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Nutrition Education at Punahou
Step 1 (Introduction
I have chosen to study nutrition education at Punahou, because this is very important for every student to learn about. Many students, including me, were very mad when we came back to school realizing that there was not more soda or Icees at the snack bar. I picked this topic because many people complain about how different the food is at Punahou, but they don’t r
ealize that they are trying to help us. I wanted to dig deeper into this subject, and learn more about what kinds of food were taken off the menu. I would also like to inform my classmates and other students as to why the other foods were taken out. I have been told by many people that all the food at the snack bar is made from scratch now instead of having processed foods, like all the foods in the past years have been. I have gathered some information from people regarding some of the changes that have been made, but I would like to gather more information as to
these foods were taken away.
Pohai- This is good start. It is clear why you have chosen this topic. I do have some insights that can help you with your project if you'd like to talk to me about this. I do have a question about your focus. Are you going to research "are all foods at the snack bar healthier than choices before?" Or are you going to focus more on the drink choices and "are juice drinks healthier than soda"? It will help if you narrow this down and clarify. And what do you hope to accomplish with your project? Are you trying to inform yourself more? Are you wanting to convince others that these choices are better for them? Again, clarifying this will help you in your work. Also, did you not look for graphics to go along with this? I'm sure there is lots out there...
Step 2 (Research):
In this article, a mom that works for, Harvest Health Foods, was interviewed about what she thought about school lunches. Her first response to this question was, "Disgusting. It's absolutely disgusting." In 2006, 30.1 million children consumed school lunch everyday, made by The National School Lunch Program. Anne Cooper, the author of Lunch Lessons: Changing the way we feed out children says, "It's all frozen, processed foods. Google any school district in the country, and you'll find menus filled with pizza pockets
, corn dogs and chicken nuggets." When frozen foods started to become more prevalent, big buisnesses startd using slogans like, 'why cook when you can easily use all these frozen, prepared foods?' For many public school, buying unhealthy foods, filled with preservatives, high fructose syrup and partially hydrogenated oil, is cheaper and much more affordable, but not at all healthier. A school in Kent County, MI is trying to make the effort to use less processed foods, and providing children with healthier options, like baked foods, lean meats, and more vegetables.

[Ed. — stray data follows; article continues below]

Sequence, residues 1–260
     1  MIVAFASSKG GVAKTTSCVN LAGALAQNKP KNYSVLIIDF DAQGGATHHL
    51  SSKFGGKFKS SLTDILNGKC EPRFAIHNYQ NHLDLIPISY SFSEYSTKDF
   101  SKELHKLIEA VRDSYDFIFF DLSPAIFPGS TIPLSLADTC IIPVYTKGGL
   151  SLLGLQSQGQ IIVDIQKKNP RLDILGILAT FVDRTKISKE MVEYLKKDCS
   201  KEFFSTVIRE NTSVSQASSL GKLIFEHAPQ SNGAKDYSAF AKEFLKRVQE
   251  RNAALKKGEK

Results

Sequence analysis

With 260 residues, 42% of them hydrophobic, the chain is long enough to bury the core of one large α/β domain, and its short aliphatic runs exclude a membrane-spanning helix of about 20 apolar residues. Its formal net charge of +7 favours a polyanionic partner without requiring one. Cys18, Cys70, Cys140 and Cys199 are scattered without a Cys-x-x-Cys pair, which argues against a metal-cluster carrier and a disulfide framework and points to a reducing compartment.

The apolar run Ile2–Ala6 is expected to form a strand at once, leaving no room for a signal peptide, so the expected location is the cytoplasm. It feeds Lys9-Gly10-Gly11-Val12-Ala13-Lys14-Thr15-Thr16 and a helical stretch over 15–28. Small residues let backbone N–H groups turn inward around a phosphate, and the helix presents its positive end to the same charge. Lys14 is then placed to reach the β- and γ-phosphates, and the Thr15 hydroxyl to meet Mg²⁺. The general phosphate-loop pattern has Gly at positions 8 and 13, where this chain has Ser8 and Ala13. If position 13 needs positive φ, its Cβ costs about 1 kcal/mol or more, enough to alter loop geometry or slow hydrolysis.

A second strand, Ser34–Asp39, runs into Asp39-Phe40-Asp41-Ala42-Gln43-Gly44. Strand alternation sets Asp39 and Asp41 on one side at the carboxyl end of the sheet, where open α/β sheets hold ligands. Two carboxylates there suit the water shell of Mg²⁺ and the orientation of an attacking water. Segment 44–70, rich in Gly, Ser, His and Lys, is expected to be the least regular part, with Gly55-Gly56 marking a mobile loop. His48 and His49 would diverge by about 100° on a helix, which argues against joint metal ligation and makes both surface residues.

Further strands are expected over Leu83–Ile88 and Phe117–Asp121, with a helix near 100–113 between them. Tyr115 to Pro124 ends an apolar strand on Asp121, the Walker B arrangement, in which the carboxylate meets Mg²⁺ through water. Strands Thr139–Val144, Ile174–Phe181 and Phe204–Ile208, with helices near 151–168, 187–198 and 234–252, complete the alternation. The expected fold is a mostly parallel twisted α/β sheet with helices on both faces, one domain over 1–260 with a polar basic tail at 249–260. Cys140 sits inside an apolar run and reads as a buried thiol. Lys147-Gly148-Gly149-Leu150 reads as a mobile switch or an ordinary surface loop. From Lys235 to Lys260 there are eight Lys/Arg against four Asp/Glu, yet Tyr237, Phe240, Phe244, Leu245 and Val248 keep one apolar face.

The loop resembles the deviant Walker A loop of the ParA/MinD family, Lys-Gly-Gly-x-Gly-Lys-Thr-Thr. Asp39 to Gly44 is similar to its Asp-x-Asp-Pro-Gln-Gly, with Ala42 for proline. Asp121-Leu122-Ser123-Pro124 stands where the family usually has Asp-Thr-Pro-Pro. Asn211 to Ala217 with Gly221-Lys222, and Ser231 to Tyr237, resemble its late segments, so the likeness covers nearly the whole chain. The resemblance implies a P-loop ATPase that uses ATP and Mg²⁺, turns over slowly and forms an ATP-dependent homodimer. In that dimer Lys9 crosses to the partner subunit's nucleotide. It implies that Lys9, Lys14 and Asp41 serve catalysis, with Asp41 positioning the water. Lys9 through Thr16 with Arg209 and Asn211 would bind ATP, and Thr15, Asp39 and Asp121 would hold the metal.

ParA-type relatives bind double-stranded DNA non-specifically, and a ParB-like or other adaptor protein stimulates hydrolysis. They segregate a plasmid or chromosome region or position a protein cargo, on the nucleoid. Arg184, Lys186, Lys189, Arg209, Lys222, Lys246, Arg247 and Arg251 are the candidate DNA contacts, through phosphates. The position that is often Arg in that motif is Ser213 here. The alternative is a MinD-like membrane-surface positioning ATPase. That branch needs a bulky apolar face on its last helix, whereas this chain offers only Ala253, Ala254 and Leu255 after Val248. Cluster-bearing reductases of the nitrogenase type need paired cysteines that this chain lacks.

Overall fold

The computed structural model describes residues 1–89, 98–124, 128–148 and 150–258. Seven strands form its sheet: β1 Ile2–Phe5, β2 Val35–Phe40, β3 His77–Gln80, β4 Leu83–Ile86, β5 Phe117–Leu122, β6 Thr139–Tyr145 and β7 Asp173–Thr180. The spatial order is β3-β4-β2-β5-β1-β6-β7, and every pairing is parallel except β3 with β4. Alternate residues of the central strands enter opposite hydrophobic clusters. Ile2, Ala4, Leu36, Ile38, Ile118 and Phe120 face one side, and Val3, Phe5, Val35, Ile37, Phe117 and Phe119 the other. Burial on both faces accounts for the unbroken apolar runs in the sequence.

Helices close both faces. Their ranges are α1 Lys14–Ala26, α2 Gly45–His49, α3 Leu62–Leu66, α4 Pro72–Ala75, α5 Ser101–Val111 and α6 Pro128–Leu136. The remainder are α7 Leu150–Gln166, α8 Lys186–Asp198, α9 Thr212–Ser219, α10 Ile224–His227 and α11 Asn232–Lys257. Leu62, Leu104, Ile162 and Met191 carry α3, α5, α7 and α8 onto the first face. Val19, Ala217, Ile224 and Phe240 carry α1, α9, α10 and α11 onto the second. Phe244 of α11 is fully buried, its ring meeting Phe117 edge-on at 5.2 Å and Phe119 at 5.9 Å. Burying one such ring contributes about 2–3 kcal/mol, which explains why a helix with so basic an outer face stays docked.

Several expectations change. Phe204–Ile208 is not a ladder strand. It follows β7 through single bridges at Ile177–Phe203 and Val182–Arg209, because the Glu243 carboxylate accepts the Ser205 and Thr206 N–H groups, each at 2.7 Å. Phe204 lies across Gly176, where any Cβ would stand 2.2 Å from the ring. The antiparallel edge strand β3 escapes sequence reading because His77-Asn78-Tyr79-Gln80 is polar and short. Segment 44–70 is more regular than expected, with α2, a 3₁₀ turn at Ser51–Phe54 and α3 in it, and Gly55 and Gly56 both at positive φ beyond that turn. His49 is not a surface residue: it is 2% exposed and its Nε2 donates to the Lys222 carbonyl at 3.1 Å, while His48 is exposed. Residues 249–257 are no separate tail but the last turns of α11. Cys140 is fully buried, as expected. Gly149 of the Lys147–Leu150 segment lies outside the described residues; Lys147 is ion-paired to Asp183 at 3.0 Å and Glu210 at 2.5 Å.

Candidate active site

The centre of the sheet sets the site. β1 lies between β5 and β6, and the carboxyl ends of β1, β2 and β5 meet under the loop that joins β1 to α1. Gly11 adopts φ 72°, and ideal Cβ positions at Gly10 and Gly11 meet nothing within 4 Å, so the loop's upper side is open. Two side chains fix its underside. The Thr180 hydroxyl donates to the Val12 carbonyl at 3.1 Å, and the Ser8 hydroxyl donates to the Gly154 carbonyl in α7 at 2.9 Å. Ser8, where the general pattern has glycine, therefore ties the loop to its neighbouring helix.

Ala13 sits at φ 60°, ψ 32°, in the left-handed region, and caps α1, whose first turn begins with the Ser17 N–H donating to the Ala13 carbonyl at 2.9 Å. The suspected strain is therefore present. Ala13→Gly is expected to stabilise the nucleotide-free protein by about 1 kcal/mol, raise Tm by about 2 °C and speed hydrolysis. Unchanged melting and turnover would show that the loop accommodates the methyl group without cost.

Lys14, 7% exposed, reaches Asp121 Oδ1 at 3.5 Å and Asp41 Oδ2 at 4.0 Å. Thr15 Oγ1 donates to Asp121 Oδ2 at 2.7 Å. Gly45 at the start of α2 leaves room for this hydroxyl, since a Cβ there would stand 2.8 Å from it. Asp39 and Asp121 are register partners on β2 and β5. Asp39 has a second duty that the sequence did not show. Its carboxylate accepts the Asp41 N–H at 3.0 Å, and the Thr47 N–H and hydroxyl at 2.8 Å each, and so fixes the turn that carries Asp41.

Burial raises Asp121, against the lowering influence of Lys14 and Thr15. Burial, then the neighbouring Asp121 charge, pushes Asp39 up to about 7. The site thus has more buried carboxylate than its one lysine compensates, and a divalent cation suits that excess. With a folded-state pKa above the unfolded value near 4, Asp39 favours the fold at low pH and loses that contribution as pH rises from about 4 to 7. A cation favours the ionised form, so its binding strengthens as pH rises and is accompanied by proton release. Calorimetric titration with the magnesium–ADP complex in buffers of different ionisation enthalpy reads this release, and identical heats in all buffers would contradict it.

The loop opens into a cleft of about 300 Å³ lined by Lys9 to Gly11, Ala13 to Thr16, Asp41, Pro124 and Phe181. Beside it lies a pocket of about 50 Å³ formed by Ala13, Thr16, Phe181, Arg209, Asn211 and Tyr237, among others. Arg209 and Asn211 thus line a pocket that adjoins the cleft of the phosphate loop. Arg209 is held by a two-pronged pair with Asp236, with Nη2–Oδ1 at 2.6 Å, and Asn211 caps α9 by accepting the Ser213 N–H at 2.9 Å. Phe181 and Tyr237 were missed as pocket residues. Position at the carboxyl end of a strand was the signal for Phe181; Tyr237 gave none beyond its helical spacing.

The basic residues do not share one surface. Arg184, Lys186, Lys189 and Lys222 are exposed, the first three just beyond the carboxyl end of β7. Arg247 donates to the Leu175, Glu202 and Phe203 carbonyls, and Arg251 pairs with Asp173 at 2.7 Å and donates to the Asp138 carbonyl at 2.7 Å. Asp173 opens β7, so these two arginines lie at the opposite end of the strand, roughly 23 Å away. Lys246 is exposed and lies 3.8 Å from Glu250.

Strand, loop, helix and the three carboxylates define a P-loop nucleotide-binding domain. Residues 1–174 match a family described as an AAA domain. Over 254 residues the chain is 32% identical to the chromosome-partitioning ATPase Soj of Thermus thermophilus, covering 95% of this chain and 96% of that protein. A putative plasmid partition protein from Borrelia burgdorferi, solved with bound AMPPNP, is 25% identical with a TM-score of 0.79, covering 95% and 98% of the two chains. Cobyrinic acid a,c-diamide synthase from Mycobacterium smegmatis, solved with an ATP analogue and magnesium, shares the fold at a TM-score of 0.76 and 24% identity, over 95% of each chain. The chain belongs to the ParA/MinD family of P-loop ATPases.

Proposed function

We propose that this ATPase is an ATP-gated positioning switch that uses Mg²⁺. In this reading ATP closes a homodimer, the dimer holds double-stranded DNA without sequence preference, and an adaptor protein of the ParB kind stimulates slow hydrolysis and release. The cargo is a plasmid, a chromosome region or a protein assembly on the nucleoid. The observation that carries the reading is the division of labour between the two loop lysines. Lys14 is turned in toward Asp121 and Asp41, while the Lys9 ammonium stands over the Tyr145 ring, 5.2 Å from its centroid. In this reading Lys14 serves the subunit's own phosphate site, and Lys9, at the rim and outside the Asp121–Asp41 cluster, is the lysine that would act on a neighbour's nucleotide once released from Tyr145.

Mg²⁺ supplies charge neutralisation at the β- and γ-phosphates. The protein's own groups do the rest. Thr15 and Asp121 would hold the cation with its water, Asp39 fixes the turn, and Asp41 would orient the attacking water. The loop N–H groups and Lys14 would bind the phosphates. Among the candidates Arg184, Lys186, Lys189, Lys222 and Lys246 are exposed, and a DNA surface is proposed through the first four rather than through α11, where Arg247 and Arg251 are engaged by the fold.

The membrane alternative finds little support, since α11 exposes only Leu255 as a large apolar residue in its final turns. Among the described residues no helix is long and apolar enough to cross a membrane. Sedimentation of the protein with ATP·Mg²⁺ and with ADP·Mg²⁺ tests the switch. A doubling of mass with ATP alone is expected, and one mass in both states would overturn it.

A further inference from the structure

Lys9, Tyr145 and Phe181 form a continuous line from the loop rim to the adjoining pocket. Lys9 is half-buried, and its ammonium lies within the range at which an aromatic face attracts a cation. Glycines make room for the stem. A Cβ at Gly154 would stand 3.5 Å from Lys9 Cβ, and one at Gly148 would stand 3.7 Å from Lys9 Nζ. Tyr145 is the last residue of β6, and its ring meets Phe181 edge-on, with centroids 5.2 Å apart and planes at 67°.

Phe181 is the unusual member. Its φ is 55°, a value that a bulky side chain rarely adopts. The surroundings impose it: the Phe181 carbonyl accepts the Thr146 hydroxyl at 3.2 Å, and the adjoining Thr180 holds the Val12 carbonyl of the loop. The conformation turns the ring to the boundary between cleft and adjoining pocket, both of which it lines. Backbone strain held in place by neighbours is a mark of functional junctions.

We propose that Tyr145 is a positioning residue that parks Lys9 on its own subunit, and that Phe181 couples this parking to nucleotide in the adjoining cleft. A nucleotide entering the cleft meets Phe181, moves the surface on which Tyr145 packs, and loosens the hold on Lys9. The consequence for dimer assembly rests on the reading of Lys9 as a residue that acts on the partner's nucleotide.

Reading this article helped me to realize that some public schools don't have a choice of what they eat for lunch. They have a limited supply of money which only allows them to feed their students with processed and packaged foods. But it made me feel better at they end knowing that schools are making an effort of trying to provide their students with healthier choices of foods.
1. Why don't schools in Hawaii grow their own food for their students?2. Why don't schools make their food from scratch?3. I am still wondering what the state is doing about providing schools with healthier lunches.
Some types of food that are processed, and are very high in sodium, is anything canned, such as soups. A sentence in this article that stood out at me said, "Many processed foods are made with trans fasts, saturated fats, and large amounts of sodium
and sugar." From reading the last article, I learned that most foods in our cafeteria are processed foods, and it got me worried because all of the contents of processed foods listed above, are all bad for you. Processed meat is one of the worst type of processed food that you can eat. Eating processed meat, such as: hot dogs, bologna, sausage and ham, you can increase your risk of getting: colorectal, kidney and stomach cancer. Processed foods may be very convenient to you because you just need to warm it up in the microwave, but the amount of sodium and fats in these foods are very unhealthy.
: I used this site to further my knowledge as to what processed foods really are. I learned that processed foods are just like the foods that we used to have in our cafeteria, such as chicken nuggets, and pizza pockets and are also like foods that we have in our cafeteria now such as, hot dogs. I also learned that most processed foods are very high in sodium. This is because foods with sodium in it don't spoil as fast. I learned that even though processed foods are very convenient, because they take such a short time to prepare, but it is healthier to take the extra time to make food from scratch.
1. Why does the USDA not be more strict towards school lunches?
2. Why does the school administration not check in with how much nutrition is actually in school lunches?
3. Why is ham and turkey still served at schools if they are put into the category of "processed meat"?